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California's Wine Country - The Napa Valley

California's Wine Country - The Napa Valley

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California's Wine Country - The Napa Valley

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160 pages
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Jul 5, 2012


When you think of California Wine Country, the Napa Valley is most likely the first region that comes to mind. If you’re imagining a lush valley with bright vineyards rolling into the distance, historic wineries nestled in the trees, and quaint towns with
Jul 5, 2012

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California's Wine Country - The Napa Valley - Lisa Manterfield

California’s Wine Country:

The Napa Valley

Lisa Manterfield

Hunter Publishing, Inc.

To Jose

For the good life


Picture rolling hills, with long rows of vineyards trailing off into the distance. Imagine the early morning sun filtering through a low veil of mist. Think of historic stone buildings perched on hillsides overlooking the valley below, and you can form a picture of Wine Country.

No matter where you’re visiting from, Wine Country has the ability to transport you, for however long you’re staying, to a bucolic world, where exceptional wine flows freely and world-class cuisine is the expected norm. It’s almost impossible not to relax and unwind here.

Spring vineyards

Even if you don’t come for the wine and the food, Wine Country has something to offer almost every visitor. If you’re an outdoor-type, you’ll find beautiful state parks for hiking, biking, and nature watching, or you can take to the water and paddle your way down scenic rivers. If history is more your thing, you’ll know that the region played an important role in the history of California, and you’ll find several historic sites to visit.

And if you just want to relax and indulge in some personal spoiling, Wine Country has spas, luxury hotels, limousine tours, and boutique shopping.

Whether you visit for a weekend or a week, Wine Country has plenty to offer, no matter where your tastes lie.

About Wine Country

More than a dozen counties throughout California produce wine, but the North Coast region is by far the best-known. Four counties make up this region: Napa, Sonoma, Mendocino, and Lake. Of these, Napa – or more accurately, the Napa Valley – is the most famous. Consequently, it’s the busiest and most commercialized of the regions, but it shouldn’t be missed. It’s a relatively compact region, so it’s easy to plan a tasting route. You’ll find excellent restaurants and a broad range of accommodations, from luxury resorts to homey B&Bs. Many famous winemakers call Napa Valley home, and you can still find undiscovered gems in small boutique wineries all around the valley.

Napa Valley vineyard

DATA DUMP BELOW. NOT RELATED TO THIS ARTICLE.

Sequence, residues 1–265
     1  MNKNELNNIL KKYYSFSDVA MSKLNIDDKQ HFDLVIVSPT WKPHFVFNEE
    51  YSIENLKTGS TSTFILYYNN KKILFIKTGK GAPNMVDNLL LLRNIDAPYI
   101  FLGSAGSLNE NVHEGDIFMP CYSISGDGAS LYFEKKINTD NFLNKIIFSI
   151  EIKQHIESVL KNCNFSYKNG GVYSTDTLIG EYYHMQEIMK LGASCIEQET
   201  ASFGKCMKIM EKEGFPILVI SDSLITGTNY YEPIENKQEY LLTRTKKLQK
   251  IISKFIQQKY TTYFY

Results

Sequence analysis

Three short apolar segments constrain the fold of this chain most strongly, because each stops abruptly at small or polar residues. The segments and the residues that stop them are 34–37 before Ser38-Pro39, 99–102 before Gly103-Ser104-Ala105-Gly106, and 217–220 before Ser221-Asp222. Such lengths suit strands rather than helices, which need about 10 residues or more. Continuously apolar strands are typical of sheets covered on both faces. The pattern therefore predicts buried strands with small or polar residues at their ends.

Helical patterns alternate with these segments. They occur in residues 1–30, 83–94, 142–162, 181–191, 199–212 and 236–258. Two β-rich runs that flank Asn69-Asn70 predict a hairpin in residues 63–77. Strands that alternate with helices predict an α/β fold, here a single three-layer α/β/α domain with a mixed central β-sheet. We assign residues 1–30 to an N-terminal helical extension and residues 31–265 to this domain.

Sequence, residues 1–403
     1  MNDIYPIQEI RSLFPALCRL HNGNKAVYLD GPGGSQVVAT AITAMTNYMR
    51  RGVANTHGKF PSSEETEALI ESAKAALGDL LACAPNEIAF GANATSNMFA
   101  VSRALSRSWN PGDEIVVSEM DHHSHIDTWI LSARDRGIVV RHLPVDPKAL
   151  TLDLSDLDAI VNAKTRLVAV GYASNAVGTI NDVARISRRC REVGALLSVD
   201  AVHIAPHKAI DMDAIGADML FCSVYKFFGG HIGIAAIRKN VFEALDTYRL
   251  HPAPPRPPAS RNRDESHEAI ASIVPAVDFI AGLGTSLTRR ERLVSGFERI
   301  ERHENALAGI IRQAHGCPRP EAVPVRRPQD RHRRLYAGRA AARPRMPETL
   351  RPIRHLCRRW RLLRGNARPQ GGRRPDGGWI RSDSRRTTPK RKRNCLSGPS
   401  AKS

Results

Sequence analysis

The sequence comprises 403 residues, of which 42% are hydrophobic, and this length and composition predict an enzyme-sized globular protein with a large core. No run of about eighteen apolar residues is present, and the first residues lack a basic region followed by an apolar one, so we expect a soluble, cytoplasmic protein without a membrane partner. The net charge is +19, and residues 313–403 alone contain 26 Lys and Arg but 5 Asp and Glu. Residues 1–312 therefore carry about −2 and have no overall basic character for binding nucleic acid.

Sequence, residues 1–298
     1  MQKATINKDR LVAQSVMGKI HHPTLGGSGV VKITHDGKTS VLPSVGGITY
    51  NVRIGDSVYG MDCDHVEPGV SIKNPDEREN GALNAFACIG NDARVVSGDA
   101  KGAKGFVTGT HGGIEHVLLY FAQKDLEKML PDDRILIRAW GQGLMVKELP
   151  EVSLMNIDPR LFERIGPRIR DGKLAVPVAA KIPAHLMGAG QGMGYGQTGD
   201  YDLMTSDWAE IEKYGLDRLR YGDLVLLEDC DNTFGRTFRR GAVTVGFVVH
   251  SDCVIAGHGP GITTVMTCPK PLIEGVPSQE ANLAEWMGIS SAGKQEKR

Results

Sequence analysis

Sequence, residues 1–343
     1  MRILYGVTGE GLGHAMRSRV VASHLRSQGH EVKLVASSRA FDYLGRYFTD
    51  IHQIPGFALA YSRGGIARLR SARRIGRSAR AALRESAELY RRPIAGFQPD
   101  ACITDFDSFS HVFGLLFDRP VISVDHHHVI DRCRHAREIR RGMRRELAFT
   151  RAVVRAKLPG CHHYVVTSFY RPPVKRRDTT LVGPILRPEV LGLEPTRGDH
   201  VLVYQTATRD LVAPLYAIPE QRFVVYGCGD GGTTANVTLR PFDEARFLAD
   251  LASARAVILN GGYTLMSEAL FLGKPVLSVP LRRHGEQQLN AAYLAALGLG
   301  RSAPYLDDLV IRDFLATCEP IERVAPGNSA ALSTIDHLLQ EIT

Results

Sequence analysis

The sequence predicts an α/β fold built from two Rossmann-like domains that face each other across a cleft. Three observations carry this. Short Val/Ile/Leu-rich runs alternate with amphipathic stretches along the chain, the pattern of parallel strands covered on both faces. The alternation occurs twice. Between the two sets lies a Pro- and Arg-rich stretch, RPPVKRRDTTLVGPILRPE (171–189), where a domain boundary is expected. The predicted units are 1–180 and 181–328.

North Coast winemaking began in Sonoma County, and this region has managed to maintain much of its country living feel. The wineries here are spread over several areas, so your route may take a little more planning, but it’s easy to find both major producers and small, family-run operations. Sonoma may not have the glitz of Napa, but its wines rival any. Aside from wine and food, Sonoma also offers plenty of activities for visitors. You can visit the Russian River, redwoods, and, of course, the stunning Sonoma Coast.

Mendocino County sits just north of Sonoma County and seems almost to have shunned the tourist industry. Not that visitors aren’t made welcome. Tasting rooms are friendly and seldom crowded, and you’ll find little pretentiousness here. You will, however, find good food and wonderful wines, in fact several renowned Napa Valley winemakers also own wineries in the region. There are fewer accommodations in this region, and some visitors opt to stay in northern Sonoma County or on the stunning Mendocino Coast, and drive into the Anderson Valley and other Mendocino wine regions.

A Brief History of Wine Country

Russian settlers first planted grapes at Fort Ross on the Sonoma Coast in 1812. More than a decade later, the Sonoma Mission was founded, and Father Jose Altamira planted several thousand vines, presumably for the making of sacramental wines. Over the hill in Napa, George Yount began planting grapes in 1838 in what is now known as Yountville. It wasn’t until 1857, when a Hungarian Count by the name of Agoston Haraszthy founded the Buena Vista winery in Sonoma, that California’s wine industry was born. A few years later Charles Krug founded Napa’s first winery in St. Helena.

By the 1920s, the region was home to around 500 wineries with over 22,000 acres of planted vineyards in Sonoma County alone, but Prohibition was just around the corner. Although many winemakers went underground, making wine in their homes, and others weathered the period by producing only sacramental wines for the church, by the end of Prohibition, less than 100 wineries survived.

By the 1960s, Americans began to develop a taste for wine and the industry grew steadily, but it wasn’t until the 70s that California, and more specifically the Napa Valley, rocketed to winemaking fame.

In 1976 a British wine merchant living in Paris made a stunning claim that California wines could rival their illustrious French counterparts. He put his preposterous idea to the test by selecting 12 California wines and pitting them head-to-head with their French equivalents in a blind tasting by nine revered French judges. The outcome, as one wine journalist wrote, was like a vinous shot heard around the world as the 1973 Stag’s Leap Wine Cellars S.L.V. Cabernet Sauvignon took the red wine category and the 1973 Chateau Montelena

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